My first draft ended up being a monster of over 160,000 words. I managed through successive edits to whittle it down to below 140,000, which I then split into two halves, Oak and Mist and No Quarter. But the cool thing, the thing that really kept me going, is that the story itself didn’t change, nor did the characters – it was the language and structure that needed work. I rewrote and changed the first three chapters so many times I lost count, before finally condensing them into a few short pages. But the beginning incident, the idea that started the whole journey, never changed.

So the important thing with any sort of journey is to start. As you can see, it took time for me to actually sit down and choose to write a book. Then it took even more time to get the beginning of the book the way I wanted it to read. But it didn’t stop me from writing, from continuing on with the story until it was told. For you can always go back. Until the work is published, there is always room to make changes. So don’t let fear hold you back. The story is there, waiting to be told. The journey, there to be taken. All you need to do is take the first step.

(This is an edited and amended version of a post first published in July 2014, when hardly anyone came to visit my blog. Thank you for coming to visit today)

PS I’ve been nominated in the Bloggers Bash Blogging Awards as Best Pal – yay! If you’d like to vote for me, (or even if you wouldn’t), head on over to Sacha’s blog and make your vote count!

Making Magic

IMG_1638

It’s been a funny sort of month. A mixed bag, if you will. Oh, nothing too full on awful – simply a combination of things that have left me feeling a bit down, less inspired than usual. But really, who am I to complain? With the state of the world as it is, I know that I, in my comfortable life, am very fortunate. Plus, I think a post with me burbling on about general feelings of malaise just wouldn’t be that interesting, to be honest.

So today I decided to make some magic. Now, before we go any further, I don’t consider myself any sort of expert practitioner. I have read and experienced some fairly esoteric things, and I certainly believe in Shakespeare’s assertion that ‘there are more things in Heaven and Earth, Horatio, than are dreamt of in your philosophy.’ I’m also open to the idea of changing one’s energy, of choosing to pursue a more positive path. I know that there are things in life for which it is just not possible or easy to say ‘oh well, I choose to be positive about this,’ but for general feelings of just being a bit down, a bit off, I believe that focus and a positive attitude can make a difference.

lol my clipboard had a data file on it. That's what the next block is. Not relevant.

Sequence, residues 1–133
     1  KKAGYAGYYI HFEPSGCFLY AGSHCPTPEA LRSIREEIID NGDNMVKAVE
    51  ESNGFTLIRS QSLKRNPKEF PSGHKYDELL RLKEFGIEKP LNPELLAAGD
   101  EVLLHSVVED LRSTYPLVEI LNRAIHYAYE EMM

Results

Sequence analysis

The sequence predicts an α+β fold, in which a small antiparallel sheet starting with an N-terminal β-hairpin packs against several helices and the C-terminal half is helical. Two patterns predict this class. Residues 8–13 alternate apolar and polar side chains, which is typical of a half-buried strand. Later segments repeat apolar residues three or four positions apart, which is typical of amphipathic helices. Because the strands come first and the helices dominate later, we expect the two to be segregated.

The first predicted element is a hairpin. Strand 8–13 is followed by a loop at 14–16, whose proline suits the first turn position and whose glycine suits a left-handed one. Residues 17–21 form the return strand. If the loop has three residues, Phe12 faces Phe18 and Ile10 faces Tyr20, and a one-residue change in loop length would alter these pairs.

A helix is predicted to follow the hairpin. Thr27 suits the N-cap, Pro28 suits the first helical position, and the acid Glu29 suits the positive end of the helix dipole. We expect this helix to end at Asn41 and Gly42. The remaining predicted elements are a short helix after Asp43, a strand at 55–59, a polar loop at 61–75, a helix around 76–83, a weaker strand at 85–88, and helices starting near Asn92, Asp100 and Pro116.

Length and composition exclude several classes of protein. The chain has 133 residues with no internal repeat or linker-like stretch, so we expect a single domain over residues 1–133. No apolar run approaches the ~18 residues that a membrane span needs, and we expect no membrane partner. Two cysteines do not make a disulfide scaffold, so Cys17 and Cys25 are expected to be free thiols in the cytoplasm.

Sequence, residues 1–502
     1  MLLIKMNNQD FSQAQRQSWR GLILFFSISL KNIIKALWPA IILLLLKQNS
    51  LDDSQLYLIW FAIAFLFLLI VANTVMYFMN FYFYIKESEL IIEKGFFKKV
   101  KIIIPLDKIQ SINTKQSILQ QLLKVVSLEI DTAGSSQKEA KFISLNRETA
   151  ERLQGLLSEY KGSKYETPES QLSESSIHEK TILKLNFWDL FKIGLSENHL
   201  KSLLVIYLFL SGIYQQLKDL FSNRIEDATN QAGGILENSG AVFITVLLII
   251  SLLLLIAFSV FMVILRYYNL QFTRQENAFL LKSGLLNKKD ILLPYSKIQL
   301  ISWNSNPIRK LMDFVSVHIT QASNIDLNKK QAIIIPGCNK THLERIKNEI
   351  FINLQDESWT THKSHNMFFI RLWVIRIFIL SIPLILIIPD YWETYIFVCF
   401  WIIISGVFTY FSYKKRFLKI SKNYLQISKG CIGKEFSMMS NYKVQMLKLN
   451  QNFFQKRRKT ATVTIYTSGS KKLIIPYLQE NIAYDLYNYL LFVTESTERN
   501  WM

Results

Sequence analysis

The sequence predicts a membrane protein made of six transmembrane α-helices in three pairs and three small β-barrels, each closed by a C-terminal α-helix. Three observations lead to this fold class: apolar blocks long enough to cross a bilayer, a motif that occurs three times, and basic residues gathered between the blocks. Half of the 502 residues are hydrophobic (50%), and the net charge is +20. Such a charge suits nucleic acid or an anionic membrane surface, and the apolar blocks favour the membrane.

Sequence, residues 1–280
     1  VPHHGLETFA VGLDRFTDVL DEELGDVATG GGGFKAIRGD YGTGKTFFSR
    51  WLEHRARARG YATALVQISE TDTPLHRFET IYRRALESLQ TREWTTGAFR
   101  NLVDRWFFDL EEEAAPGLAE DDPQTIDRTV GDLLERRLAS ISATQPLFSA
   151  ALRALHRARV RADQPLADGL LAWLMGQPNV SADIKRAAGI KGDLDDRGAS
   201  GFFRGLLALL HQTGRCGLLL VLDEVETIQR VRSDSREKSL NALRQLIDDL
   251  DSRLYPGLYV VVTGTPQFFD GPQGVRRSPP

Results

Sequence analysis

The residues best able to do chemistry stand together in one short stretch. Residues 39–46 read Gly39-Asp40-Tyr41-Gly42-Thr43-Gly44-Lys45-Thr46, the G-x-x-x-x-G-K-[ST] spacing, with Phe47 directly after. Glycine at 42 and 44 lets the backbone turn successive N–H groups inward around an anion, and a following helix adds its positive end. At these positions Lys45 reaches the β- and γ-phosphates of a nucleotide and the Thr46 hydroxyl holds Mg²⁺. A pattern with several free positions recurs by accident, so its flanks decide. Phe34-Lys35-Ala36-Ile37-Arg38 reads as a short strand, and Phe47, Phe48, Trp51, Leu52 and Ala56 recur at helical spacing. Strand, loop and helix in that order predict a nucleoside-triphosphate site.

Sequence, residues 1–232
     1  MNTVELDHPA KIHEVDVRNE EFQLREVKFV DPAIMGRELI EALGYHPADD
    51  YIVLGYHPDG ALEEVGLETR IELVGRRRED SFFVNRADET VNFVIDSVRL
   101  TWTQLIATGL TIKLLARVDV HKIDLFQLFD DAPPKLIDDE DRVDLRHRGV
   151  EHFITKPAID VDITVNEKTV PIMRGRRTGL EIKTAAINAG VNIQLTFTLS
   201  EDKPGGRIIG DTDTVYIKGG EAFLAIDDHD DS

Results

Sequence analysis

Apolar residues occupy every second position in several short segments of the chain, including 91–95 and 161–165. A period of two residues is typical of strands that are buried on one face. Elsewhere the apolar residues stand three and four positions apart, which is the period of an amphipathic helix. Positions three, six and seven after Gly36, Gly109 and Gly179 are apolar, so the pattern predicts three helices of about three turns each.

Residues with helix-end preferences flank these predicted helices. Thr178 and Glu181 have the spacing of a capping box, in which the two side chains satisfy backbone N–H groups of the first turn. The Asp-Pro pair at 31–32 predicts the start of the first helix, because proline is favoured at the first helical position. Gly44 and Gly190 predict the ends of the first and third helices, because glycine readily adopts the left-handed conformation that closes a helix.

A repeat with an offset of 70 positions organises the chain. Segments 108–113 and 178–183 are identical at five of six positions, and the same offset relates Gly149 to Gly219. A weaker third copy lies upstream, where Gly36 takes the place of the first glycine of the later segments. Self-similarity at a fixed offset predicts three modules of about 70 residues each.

And so what is magic, after all? There are varied schools of thoughts on this, but most seem to agree that it comprises both intent and ritual. Intent, in that there is something you wish to achieve, and ritual, a series of steps which focus power and attract the right sort of energy to get things done. And when you think about it, intent is another word for choice, at least when it pertains to our own lives. And ritual is a route to focus, which is what we need to effect change.

Our whole family has been sick this month with a virus that refuses to go away, mutating and moving from head to throat to chest, a fever that comes and goes, chills and tiredness. A month of spluttering and coughing and broken sleep, the house closed against the cold weather. So this morning I woke up and said to my husband, ‘I think I might smudge the house today.’ He nodded in agreement. You see, we’ve had success with this ritual before. When we bought our first house in Australia, it was a busy time. We were both working and living in Melbourne, planning our wedding, then heading down the coast on weekends to renovate our new place, supposedly getting away from the bustle and stress of city living. Yet, every time I slept in our new house, I had the most awful blood-soaked nightmares, the kind from which you wake shaking, wondering what the hell is going on. Our new neighbours had told us some of the history of the house and its previous owners, and what was clear was that it was a place that had not been loved for quite some time. So I decided to give smudging a try. I had read about it but never tried it before – if you’re not familiar with the practice, it involves burning a tightly tied bunch of herbs (usually sage and/or lavender) then wafting the smoke through the rooms of the house, letting open windows take the smoke away and with it any ‘bad energy’ that might be bringing the place down. So I smudged our little beach house, lavender and sage wafting through and out into the blue yonder. Then I slept the most peaceful sleep I’d had there. We ended up living in that house for seven years, and people would always comment on what a nice feel it had. The nightmares never returned, either.

What’s really interesting about smudging is that, even though it’s an ancient practice dating back several thousand years, scientific research has recently discovered that the medicinal smoke generated by the burning herbs actually does cleanse the air of harmful bacteria and pathogens, with the effects lasting up to a month after the initial smudging process. Sounds about perfect for a house full of sick people, don’t you think? So this morning I dug out my smudge stick, picked some extra herbs and flowers then took advantage of the fresh breeze, opening doors and windows and letting the warm scent of burning sage fill the rooms. The house certainly does feel fresher, so it will be interesting to see how my family react when they get home later. And, interestingly, my mood has lifted with the cleansing, my writing kicking back into gear.

That seems pretty magical, don’t you think?